Excess air is an expression of how much more air is used for the combustion than strictly necessary. The calculation is based on the measured level of oxygen in the flue gases and the known concentration of oxygen in the air. Excess air is generally expressed as a percentage in the form of 20 % excess air. This means that a combustion process has 120 % of the air needed for complete theoretical combustion.
In practice, a certain level of excess air is needed in all cases to ensure complete combustion. This excess air is around 3 - 5 % for liquid and gaseous fuels and approximately 11 % for solid fuels, depending on the preparation of the fuel. Excess air is basically a factor to avoid. The unneeded air simply carries heat up the stack away from the burner and is wasted. A fine line must always be drawn between too much excess air and incomplete combustion, which will manifest in high levels of carbon monoxide.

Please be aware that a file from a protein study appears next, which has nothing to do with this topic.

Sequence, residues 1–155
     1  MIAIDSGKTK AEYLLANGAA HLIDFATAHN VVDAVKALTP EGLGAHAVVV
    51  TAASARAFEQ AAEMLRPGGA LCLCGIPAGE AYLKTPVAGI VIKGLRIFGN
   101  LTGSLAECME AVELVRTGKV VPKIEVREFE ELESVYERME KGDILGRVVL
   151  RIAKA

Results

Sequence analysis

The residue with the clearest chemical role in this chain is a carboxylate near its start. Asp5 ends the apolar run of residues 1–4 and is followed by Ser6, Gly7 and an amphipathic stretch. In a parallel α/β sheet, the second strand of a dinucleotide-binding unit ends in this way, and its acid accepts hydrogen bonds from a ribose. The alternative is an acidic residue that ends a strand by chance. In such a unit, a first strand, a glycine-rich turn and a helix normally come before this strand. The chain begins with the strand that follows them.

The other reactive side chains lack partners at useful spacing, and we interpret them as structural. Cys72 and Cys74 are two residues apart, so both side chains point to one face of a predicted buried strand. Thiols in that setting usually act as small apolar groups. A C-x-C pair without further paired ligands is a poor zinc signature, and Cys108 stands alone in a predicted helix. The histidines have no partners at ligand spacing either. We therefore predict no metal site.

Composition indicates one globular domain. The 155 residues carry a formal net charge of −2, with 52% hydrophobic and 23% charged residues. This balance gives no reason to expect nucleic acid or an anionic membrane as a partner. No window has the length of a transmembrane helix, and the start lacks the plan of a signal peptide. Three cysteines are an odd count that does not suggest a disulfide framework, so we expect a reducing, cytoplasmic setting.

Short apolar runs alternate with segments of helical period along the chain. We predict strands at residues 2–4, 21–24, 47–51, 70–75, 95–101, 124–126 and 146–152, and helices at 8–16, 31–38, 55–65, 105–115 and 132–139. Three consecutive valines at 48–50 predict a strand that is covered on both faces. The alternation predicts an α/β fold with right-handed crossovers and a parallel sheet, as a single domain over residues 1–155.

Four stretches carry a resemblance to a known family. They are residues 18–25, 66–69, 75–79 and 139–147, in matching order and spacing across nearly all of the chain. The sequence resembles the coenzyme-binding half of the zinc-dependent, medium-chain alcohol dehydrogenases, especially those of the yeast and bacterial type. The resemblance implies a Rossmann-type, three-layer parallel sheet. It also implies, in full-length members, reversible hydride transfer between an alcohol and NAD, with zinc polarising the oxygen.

Excess air can either be calculated from the oxygen or carbon dioxide concentration and the fuel parameters (maximum carbon dioxide). In practice, it is easiest to use the oxygen concentration for two reasons:
The value of excess air calculated in this way will be accurate, but must also coincide with the manufacturer's recommendations. Particularly older burners may be designed for a higher level of excess air, which they require to achieve complete combustion.
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